Reward allocation behavior as a function of psychological gender and biological sex : a study of advance[d] business students Public Deposited

http://ir.library.oregonstate.edu/concern/graduate_thesis_or_dissertations/7h149t84g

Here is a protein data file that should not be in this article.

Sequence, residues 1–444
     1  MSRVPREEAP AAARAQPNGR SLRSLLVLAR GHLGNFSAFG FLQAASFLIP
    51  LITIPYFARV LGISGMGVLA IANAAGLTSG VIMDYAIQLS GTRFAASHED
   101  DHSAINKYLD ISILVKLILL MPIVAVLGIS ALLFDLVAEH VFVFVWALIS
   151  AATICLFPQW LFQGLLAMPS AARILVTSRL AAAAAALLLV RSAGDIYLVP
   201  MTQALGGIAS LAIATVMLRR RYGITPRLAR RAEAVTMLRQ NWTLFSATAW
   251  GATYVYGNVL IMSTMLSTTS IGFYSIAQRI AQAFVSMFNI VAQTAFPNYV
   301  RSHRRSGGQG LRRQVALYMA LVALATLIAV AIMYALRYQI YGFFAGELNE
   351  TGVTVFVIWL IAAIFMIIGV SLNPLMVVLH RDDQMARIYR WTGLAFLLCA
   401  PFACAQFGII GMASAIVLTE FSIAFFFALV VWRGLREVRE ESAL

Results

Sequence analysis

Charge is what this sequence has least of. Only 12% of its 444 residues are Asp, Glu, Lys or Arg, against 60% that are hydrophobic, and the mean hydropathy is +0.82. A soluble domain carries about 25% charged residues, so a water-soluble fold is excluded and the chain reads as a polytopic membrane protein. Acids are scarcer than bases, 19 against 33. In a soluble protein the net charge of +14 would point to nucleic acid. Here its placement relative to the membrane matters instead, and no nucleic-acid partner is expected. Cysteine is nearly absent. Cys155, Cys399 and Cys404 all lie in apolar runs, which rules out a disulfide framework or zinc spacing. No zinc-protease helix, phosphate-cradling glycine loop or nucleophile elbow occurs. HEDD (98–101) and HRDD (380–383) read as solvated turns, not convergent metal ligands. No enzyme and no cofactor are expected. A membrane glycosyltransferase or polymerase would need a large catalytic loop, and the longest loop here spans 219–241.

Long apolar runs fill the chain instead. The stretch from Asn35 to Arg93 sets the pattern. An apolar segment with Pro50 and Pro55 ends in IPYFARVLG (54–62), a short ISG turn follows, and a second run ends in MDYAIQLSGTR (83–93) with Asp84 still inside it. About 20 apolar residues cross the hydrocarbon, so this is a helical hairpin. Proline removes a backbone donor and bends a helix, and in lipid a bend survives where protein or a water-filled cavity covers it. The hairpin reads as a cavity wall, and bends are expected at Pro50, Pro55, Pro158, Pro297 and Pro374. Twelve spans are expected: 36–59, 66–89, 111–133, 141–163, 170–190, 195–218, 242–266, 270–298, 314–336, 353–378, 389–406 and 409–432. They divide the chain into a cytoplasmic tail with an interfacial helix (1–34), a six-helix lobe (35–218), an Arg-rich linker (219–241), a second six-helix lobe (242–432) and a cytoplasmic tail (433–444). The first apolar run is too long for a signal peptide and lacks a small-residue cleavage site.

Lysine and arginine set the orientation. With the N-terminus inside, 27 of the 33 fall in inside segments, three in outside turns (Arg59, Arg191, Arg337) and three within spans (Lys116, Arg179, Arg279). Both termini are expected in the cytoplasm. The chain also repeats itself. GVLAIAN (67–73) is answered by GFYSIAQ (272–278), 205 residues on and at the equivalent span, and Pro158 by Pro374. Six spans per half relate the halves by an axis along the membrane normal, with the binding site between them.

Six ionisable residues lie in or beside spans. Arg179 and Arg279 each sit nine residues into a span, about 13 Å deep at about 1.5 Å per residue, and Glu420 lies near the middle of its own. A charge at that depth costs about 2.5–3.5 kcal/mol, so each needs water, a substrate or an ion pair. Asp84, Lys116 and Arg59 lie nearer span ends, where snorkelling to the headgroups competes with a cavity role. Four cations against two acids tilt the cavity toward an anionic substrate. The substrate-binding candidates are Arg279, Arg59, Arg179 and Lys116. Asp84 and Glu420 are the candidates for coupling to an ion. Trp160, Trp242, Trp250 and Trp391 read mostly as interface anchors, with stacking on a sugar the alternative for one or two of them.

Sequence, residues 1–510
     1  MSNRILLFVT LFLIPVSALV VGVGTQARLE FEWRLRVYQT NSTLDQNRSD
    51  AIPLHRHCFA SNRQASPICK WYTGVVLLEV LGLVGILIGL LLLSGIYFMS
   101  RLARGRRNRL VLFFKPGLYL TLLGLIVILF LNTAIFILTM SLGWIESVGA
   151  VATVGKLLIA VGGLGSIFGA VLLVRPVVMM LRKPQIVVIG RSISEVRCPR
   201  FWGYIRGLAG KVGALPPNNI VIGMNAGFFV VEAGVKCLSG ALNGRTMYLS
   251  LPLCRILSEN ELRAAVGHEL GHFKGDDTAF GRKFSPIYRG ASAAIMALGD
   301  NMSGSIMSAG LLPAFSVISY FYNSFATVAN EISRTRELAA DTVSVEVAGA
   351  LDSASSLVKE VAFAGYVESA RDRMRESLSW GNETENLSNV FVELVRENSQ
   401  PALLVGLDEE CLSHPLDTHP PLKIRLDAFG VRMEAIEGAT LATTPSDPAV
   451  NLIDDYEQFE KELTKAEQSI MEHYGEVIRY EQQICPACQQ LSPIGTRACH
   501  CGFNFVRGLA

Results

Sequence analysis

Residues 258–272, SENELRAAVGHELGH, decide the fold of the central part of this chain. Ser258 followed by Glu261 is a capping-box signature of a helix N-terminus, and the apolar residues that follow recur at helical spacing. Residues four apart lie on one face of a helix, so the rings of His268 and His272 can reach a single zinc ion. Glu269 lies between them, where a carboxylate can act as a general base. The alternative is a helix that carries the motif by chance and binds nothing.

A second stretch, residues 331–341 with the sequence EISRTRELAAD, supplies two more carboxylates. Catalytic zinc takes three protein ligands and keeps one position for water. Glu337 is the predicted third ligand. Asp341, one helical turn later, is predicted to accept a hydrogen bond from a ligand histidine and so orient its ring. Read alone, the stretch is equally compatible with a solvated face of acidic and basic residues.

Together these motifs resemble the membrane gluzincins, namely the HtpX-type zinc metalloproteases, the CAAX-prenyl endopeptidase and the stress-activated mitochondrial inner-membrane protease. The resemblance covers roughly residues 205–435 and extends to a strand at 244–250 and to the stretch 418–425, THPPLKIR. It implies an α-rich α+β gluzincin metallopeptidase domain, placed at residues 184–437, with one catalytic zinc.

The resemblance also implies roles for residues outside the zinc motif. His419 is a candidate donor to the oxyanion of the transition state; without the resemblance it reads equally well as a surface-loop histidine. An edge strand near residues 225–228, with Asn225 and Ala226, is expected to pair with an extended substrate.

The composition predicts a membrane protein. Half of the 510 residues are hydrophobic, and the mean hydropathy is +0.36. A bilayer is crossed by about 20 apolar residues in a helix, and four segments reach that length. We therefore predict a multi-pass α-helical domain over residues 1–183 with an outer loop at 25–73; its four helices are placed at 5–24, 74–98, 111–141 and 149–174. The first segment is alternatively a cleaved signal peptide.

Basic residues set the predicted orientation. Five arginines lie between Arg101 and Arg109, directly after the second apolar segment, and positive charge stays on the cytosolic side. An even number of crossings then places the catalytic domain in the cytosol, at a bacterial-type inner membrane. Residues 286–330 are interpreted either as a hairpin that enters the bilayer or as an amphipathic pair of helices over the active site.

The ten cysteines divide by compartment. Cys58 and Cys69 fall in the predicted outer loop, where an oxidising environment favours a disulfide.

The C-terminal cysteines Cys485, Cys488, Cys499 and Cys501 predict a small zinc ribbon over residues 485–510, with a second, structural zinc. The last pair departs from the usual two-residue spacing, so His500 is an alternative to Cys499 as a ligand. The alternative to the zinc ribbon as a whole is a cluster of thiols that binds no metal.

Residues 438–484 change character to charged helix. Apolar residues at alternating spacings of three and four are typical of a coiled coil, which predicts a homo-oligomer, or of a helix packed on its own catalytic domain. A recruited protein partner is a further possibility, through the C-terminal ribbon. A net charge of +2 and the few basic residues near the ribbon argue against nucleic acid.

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  • Women today represent a larger part of the American workforce than ever before. The influx of women into the workplace raises questions about differences in male and female work-related behaviors particularly in groups, and decision making. For example, existing research suggests that men and women have differing strategies in groups which lead to allocating group rewards differently. Previous research suggests that men divide group rewards equitably; with the group members receiving awards in proportion to their productive contributions. Previous research suggests that women divide group rewards equally; all group members receive the same award regardless of individual contributions to the group. This study sought to determine reward allocation behavior of men and women. The subjects, who were advanced business students, acted as impartial third parties and made allocation decisions for two workers in situations involving differences in productivity, duration of work, and the expected future interaction of the workers. The subjects were further classified by Dr. Sandra Bern's Sex-Role Inventory as "Masculine", "Feminine", or "Androgynous". Although other studies have reported male and female differences, no biological sex difference in reward allocation behavior was found in this study. No psychological gender difference in reward allocation behavior was found in the worker situations involving productivity and duration of work. However, the situation which involved the expected future interaction of workers did produce differing allocation responses by psychological gender categories. In summary, this study found that advanced business students will most often allocate rewards on the basis of productivity. When the factor of future interaction of the workers was introduced "Feminine" males, and "Masculine" and "Androgynous" females did not use this criterion, however. The results of this study may be explained by the particular subject pool, by the bi-polar nature of the situations and decisions, or by the inapplicability of the theory at this time. Cross-sex gender identification is found to confound allocation decision making in a situation where the workers will interact in the future.
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